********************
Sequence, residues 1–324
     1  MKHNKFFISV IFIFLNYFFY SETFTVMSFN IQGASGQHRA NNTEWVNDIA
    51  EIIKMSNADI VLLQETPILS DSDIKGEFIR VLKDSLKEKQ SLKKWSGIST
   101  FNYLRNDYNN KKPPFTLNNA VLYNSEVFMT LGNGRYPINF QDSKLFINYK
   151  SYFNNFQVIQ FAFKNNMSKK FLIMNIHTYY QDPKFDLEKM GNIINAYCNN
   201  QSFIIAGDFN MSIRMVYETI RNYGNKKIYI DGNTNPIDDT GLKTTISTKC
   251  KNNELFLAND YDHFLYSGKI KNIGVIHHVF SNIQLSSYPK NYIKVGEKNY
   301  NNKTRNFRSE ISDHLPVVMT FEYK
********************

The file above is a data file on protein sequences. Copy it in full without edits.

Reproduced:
Sequence, residues 1–324
     1  MKHNKFFISV IFIFLNYFFY SETFTVMSFN IQGASGQHRA NNTEWVNDIA
    51  EIIKMSNADI VLLQETPILS DSDIKGEFIR VLKDSLKEKQ SLKKWSGIST
   101  FNYLRNDYNN KKPPFTLNNA VLYNSEVFMT LGNGRYPINF QDSKLFINYK
   151  SYFNNFQVIQ FAFKNNMSKK FLIMNIHTYY QDPKFDLEKM GNIINAYCNN
   201  QSFIIAGDFN MSIRMVYETI RNYGNKKIYI DGNTNPIDDT GLKTTISTKC
   251  KNNELFLAND YDHFLYSGKI KNIGVIHHVF SNIQLSSYPK NYIKVGEKNY
   301  NNKTRNFRSE ISDHLPVVMT FEYK